Originally uploaded by ~Bellatrix~.
This is an example of a little effort and creativity can result in – even with a point and shoot camera like the Canon A95 used here.
Great shot and crop! Thanks for sharing.
Originally uploaded by rougerouge.
I was stumbling around the web today and came upon PlanetNeil. Neil van Neikerk is a pro photographer in NJ. You should really check out his blog and photos. He’s got a creative vision that really shows in his work.
You’re wondering about the whole on-camera flash bit, right? This is where the stumbling comes in. I landed on his FAQ for flash techniques, specifically, the use of on-camera flash. Solid stuff. His FAQ is very well written with nice example photos of what he’s talking about. If your photos just look plain wrong when your shooting with your on-camera flash, head on over now to learn how to do it right. That said, if you think you know how to bounce your flash and you’re still reading this post then you need to read it too – go now.
Originally uploaded by joshuatargownik.
We get two in one today – a cool shot and a lesson on how it’s done. It looks like Joshua is a Strobist reader too (see the links in my sidebar under “Photography Resources”).
This was a recent topic for a Strobist assignment and this shot pretty much nailed it. If you want a more in depth lesson, first, take a look at the original Strobist post and then, see the explanation post.
Originally uploaded by x-av.
Repetition in a photograph can make a strong statement if used correctly. This really is a great capture. Think about it; if the stairs were covered with people, this photo wouldn’t be nearly as compelling. Next time you’re out shooting, think about using repetition somewhere along the way. Thanks for sharing.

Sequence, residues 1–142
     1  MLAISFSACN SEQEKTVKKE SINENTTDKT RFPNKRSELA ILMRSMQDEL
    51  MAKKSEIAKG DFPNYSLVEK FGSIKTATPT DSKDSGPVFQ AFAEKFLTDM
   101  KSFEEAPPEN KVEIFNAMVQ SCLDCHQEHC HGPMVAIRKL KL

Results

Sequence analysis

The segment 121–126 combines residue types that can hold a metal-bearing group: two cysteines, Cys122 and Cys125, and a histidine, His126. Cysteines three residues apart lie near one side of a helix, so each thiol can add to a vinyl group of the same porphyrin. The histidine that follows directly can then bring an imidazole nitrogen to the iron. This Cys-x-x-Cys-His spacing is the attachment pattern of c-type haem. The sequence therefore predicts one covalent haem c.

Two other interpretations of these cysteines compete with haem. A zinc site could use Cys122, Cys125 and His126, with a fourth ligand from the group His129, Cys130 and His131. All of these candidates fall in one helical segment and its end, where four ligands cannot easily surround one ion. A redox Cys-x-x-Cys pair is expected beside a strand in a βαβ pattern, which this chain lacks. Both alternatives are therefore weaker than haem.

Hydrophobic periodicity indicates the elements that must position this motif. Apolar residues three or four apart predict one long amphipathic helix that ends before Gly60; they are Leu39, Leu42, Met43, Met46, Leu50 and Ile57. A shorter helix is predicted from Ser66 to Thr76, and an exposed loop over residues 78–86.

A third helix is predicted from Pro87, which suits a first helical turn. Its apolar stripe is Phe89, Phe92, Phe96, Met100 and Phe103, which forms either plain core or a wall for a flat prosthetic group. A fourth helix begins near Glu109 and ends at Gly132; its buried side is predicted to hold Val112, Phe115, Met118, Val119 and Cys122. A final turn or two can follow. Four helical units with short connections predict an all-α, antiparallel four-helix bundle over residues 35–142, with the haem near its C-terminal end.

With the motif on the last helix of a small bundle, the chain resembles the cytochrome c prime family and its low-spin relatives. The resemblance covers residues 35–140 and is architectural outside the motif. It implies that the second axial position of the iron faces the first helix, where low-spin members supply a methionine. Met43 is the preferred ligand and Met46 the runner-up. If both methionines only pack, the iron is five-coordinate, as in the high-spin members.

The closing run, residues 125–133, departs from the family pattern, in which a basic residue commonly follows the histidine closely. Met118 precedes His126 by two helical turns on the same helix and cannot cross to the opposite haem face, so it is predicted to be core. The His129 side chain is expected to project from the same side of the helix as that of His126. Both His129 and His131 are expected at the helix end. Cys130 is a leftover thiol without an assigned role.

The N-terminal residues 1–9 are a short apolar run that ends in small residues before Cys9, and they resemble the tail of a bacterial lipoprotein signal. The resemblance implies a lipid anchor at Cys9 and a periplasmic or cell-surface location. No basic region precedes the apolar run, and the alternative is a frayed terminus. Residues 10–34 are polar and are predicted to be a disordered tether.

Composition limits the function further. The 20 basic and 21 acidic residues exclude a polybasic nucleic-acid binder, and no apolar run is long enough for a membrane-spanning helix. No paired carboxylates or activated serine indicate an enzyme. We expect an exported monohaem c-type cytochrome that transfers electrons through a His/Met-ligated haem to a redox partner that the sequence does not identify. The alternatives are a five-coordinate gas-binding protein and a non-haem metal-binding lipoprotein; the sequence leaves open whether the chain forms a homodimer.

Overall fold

Originally uploaded by Lemon2.
I see you!
Great capture. Thanks for sharing!
I learned something new today. I stumbled upon a mosaic maker. It was pretty simple to do. I upload my image file and the mosaic generator pulls images from flickr to create a mosaic of my original image. I imagine that there are some real copyright problems with this use of the photos from flickr even though the mosaic generator puts a copyright notice on the Image Mosaic Generator site.
IMAGES USED IN THE MAKING OF IMAGE MOSAICS ARE COLLECTED FROM FLICKR AND COPYRIGHT OF THEIR RESPECTIVE OWNERS.
That said, you may want to go about creating your mosaic from your own photos. There are several ways to do it. There’s online tools that you can use your own flickr photos with (or any other online photos). Also, take a look at the popular software, Mosaic Creator, at aolej.com or ArcSoft Photo Montage. Want to learn more about photo mosaics? Start with the wealth of info on Wikipedia.
UPDATED 3/15/07: See also, Rich Legg’s colored pencil mosaic post.